Essex council demands swift government action to resolve standard method uncertainty

An Essex council has written to the government urging it to 'act swiftly and decisively' to provide 'clarity' on revisions to its standard method for calculating housing need, after the authority found that its five-year land supply position had 'dramatically jumped from 3.9 years to 5.83 years' in the wake of new household projection figures.

Braintree: council writes to minister over standard method uncertainty
Braintree: council writes to minister over standard method uncertainty

The government has said that it will revisit its standard housing need assessment methodology enshrined in July's revised National Planning Policy Framework (NPPF) in the light of Office for National Statistics (ONS) projections published last month showing a substantial drop in predicted household growth rates.

[he standard method uses the projections as a starting point for calculating each council’s objectively assessed need and then applies an "affordability adjustment" in high demand areas and a "cap" to limit changes.

Speaking at the Planning for Housing conference earlier this month, Ministry of Housing, Communities and Local Government (MHCLG) chief planner Steve Quartermain said: "We have a commitment to consult on revision of the calculations on local housing need. The secretary of state has been clear that something will be seen on that before Christmas."

Now, Braintree District Council has written to housing minister Kit Malthouse for speedy action to resolve uncertainty prompted by the publication of the ONS data.

The letter, from cabinet member for planning and housing councillor Lynette Bowers-Flint, says that "after recalculating the housing supply (utilising the new standard methodology and household projections), the council finds itself in an unexpected position as our supply has dramatically jumped from 3.9 years to 5.83 years supply".

The letter highlights comments made by the housing minister in an interview with Planning that the standard method has generated some "crazy" figures.

"The housing minister has acknowledged this himself labelling the anomalies created by the new methodology and household projections as ‘crazy’", it says.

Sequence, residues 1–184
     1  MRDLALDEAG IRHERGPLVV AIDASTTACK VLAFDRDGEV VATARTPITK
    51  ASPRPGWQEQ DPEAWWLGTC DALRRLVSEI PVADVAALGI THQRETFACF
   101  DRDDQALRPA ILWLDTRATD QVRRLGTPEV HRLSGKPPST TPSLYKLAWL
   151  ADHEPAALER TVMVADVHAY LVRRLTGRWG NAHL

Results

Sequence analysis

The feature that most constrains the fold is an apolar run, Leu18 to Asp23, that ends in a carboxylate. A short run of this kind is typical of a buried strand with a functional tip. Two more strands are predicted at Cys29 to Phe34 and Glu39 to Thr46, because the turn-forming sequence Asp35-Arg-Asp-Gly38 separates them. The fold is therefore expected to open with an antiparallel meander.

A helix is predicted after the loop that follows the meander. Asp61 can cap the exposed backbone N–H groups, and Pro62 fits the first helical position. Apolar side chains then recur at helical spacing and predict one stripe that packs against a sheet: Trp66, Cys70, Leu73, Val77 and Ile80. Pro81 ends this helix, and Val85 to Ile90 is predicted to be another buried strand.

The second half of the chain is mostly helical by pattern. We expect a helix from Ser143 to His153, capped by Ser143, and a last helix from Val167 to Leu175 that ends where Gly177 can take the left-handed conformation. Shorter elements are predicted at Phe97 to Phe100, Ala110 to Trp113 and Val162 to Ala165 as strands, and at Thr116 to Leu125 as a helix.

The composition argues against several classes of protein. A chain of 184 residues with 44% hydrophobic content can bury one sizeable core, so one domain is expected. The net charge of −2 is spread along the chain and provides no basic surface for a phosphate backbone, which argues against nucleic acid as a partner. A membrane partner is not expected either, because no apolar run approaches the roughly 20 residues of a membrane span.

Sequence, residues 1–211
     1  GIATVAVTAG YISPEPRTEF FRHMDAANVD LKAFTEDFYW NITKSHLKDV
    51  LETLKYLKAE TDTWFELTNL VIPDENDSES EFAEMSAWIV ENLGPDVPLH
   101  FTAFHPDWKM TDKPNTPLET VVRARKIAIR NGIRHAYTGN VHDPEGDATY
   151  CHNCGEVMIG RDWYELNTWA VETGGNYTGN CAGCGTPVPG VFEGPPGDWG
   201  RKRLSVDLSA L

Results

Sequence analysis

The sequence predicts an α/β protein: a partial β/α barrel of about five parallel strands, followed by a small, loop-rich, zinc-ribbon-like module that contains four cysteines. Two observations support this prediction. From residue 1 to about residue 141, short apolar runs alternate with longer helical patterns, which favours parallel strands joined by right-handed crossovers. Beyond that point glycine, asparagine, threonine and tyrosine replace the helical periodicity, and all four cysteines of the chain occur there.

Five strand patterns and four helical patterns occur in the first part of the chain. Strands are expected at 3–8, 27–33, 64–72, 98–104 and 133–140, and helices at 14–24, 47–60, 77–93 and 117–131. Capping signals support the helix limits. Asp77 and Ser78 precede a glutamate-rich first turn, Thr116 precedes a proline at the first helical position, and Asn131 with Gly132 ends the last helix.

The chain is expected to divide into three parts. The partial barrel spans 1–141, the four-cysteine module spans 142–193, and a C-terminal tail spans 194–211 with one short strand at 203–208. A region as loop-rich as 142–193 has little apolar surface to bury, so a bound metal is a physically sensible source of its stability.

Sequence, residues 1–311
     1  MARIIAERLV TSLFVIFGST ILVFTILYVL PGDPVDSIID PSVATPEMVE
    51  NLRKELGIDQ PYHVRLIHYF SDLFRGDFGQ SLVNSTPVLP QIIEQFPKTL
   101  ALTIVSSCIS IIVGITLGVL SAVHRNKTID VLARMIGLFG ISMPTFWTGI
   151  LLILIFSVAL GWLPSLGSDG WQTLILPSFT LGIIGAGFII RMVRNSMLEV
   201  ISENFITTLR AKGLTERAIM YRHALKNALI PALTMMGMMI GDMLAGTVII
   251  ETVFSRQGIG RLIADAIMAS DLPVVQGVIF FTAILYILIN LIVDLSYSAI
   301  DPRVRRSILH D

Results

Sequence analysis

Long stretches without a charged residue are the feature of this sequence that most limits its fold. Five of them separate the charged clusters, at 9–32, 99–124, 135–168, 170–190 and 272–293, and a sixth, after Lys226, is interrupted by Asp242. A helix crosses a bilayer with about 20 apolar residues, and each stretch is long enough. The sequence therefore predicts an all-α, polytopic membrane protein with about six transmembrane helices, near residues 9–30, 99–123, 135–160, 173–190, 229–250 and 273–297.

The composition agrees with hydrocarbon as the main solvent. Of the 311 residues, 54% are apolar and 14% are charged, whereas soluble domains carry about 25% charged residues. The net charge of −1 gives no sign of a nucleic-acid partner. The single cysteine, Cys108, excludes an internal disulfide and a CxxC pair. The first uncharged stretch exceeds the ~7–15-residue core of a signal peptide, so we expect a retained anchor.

The letter says that, "rather than being pleased that the council can now demonstrate a five-year housing land supply, we are concerned that this will be short-lived and could dramatically change once again by Christmas".

"Whilst the government works out what to do, councils like Braintree are now left picking up the pieces and have to explain to residents why, as you stated at the Conservative Party conference, local authorities should not ‘take their foot off the accelerator’," the letter says.

Bowers-Flint calls on the government to "act swiftly and decisively to resolve this matter now or at the very least give councils a clearer indication of the timetable for when this will be resolved".

"It is simply not acceptable to say that a consultation is ‘expected’ before Christmas. On behalf of the residents of the Braintree District, I urge the government to urgently consult on the revised methodology so there is clarity and certainty on this critical issue before Christmas", the letter concludes.

Bowers-Flint goes on to write: "With the previous NPPF, it felt at times as though the goal posts were being moved by the government.

"With the publication of NPPF2 and the new methodology and household projections, it feels as though we are playing a completely different sport with a new set of rules."

Housing minister Kit Malthouse said: "Councils that meet our deadline to adopt a local plan do not have to use our standard method to calculate the number of homes needed over the next five years.     

"For those that use the method, we are going to consult on changes to the way the numbers are worked out so it is consistent with delivering 300,000 new homes per year by the mid-2020s". 


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